The indie coffee shop and practitioner of advanced siphon-brewing techniques suspended its service last Wednesday so that big-name instant and pre-ground coffee producer Cafe Bustelo could take over barista duties inside for the week. The photo above shows the storefront going off-brand with temporary fixtures that dub it a “Cafecito” using Bustelo’s classic color scheme. Closer to ground level, you can see the new matching window dressings, too — added on too along the store’s glass facade.
Even Siphon’s standalone sign at the corner of W. Alabama and Greeley St. has been transformed:
Here’s what the restaurant just west of the Meyer Park Shopping Center looks like in its afterlife. Signage came down the same day that the store closed, last Wednesday. It’s now listed for lease by the franchisee that owns the land at 4904 W. Bellfort as well as that beneath about 70 other Taco Bells, KFCs, and Pizza Huts in and around Houston: KorMex Foods.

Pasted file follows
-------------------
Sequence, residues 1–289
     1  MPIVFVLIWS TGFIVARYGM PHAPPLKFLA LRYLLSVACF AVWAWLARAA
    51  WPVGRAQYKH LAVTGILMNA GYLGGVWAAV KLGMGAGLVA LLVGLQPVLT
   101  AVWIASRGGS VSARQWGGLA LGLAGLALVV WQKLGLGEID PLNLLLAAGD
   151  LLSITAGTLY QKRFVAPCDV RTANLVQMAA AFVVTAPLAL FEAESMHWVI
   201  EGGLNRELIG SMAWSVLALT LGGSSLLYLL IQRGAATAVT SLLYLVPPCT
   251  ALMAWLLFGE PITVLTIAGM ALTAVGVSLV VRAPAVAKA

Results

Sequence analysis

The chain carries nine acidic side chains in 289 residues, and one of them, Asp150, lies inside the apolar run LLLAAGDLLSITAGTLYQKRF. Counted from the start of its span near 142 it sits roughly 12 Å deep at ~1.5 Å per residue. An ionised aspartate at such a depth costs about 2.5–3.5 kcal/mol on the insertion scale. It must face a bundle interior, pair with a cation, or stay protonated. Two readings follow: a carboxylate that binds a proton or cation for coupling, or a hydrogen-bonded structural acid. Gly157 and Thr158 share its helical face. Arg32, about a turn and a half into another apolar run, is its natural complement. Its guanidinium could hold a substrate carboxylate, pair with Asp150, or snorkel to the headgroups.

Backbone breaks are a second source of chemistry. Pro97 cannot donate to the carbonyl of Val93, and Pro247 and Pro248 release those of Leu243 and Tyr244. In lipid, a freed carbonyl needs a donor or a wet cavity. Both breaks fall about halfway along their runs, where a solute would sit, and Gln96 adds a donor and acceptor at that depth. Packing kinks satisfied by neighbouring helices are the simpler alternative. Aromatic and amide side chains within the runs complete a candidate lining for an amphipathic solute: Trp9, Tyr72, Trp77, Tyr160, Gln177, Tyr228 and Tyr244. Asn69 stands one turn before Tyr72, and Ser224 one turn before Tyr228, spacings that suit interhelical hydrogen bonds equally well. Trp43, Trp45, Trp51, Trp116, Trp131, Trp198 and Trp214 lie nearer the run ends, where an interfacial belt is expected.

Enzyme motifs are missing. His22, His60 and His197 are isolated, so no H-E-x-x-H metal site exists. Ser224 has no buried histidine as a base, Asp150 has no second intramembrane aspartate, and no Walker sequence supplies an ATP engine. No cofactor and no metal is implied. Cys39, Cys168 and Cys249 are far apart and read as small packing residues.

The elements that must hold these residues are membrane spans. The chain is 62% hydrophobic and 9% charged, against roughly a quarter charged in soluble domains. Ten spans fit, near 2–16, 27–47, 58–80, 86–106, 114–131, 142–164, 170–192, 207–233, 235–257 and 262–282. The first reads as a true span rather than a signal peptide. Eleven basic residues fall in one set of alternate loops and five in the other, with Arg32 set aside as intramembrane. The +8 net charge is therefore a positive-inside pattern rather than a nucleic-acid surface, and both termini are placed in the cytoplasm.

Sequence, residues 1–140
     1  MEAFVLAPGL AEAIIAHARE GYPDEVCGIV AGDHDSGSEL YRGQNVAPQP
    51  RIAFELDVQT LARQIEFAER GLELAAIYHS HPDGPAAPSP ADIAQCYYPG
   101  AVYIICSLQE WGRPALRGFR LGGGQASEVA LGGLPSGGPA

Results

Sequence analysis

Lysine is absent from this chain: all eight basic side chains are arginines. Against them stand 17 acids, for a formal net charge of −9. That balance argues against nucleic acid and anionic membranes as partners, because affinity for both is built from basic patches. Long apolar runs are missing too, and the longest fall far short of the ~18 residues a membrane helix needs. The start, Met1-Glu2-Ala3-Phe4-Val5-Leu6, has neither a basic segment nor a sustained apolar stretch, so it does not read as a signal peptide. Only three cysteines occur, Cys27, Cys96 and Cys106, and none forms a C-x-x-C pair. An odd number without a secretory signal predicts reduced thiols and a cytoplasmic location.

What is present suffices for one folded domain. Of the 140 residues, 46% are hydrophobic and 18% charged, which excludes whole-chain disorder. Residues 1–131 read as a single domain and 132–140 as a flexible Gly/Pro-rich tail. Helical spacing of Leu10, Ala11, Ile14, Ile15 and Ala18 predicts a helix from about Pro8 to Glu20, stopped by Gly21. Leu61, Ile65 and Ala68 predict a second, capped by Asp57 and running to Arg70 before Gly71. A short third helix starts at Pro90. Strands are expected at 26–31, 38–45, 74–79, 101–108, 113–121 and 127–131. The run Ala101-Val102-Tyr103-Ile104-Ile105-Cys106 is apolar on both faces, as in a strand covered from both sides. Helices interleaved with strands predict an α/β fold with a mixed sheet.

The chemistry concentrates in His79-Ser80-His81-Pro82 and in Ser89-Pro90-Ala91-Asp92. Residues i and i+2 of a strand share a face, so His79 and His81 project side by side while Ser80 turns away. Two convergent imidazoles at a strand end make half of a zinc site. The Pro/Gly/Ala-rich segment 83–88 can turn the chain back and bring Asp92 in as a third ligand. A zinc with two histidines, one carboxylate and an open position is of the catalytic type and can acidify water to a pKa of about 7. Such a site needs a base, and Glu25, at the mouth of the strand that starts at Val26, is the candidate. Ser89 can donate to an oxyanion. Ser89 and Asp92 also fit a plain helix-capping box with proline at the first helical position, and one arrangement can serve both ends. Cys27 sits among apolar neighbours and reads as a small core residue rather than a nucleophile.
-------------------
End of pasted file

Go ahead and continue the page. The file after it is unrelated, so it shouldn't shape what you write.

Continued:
KorMex grabbed this location along with 15 other existing stores when it went into business in 2000. By then, the building itself had been around for 7 years.
A former employee of the chain says that September 30 was the staff’s last day at the restaurant in the Marq’E Entertainment Center, where its double-decker patio — pictured above — faces off from the Edwards Cinema movie theater (and its vertical water feature faces off from the shopping center’s plaza fountain).
All other Cafe Adobe locations have closed down as well; most recently, the one in terminal B of Bush Airport and the one across Hwy. 6 from Sugar Land‘s Market at Town Center shopping center — which featured this dramatic main entrance:
The owner of the abandoned restaurant storefront on Taft St. south of W. Gray didn’t waste much time in trashing the place after acquiring it in June. A demo permit filed last month condemned both the street-fronting building shown above and its backyard bungalow. The photo at top shows the state of things on Friday afternoon.
The new owner also bought the neighboring brick house on Peden St. around the same time:
Wooden siding now covers up all but a small portion of Shake Shack‘s coming store at 1002 Westheimer, in the spot where Burger King collapsed 2 months ago. The new coverings have the restaurant looking a little more like what’s shown in the rendering put out by the burger brand at the end of last month, right around the time that work started on its new building.
Here’s what progress looks like from the west, outside Blacksmith: